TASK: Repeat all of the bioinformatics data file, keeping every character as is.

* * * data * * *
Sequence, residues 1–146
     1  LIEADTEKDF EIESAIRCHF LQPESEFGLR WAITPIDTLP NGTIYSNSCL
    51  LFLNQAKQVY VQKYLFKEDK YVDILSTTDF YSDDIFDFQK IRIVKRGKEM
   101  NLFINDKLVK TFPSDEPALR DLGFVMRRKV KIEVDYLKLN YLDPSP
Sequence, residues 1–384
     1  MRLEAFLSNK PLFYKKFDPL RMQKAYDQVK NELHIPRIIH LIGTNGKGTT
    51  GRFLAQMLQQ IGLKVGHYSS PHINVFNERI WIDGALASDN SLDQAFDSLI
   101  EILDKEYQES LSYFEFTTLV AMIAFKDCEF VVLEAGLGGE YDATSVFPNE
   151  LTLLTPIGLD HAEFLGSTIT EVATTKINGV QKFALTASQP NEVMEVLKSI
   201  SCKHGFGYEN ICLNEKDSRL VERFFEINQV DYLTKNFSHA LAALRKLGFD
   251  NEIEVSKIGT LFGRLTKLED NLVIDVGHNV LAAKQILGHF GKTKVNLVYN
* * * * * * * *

Sequence, residues 1–146
     1  LIEADTEKDF EIESAIRCHF LQPESEFGLR WAITPIDTLP NGTIYSNSCL
    51  LFLNQAKQVY VQKYLFKEDK YVDILSTTDF YSDDIFDFQK IRIVKRGKEM
   101  NLFINDKLVK TFPSDEPALR DLGFVMRRKV KIEVDYLKLN YLDPSP
Sequence, residues 1–384
     1  MRLEAFLSNK PLFYKKFDPL RMQKAYDQVK NELHIPRIIH LIGTNGKGTT
    51  GRFLAQMLQQ IGLKVGHYSS PHINVFNERI WIDGALASDN SLDQAFDSLI
   101  EILDKEYQES LSYFEFTTLV AMIAFKDCEF VVLEAGLGGE YDATSVFPNE
   151  LTLLTPIGLD HAEFLGSTIT EVATTKINGV QKFALTASQP NEVMEVLKSI
   201  SCKHGFGYEN ICLNEKDSRL VERFFEINQV DYLTKNFSHA LAALRKLGFD
   251  NEIEVSKIGT LFGRLTKLED NLVIDVGHNV LAAKQILGHF GKTKVNLVYN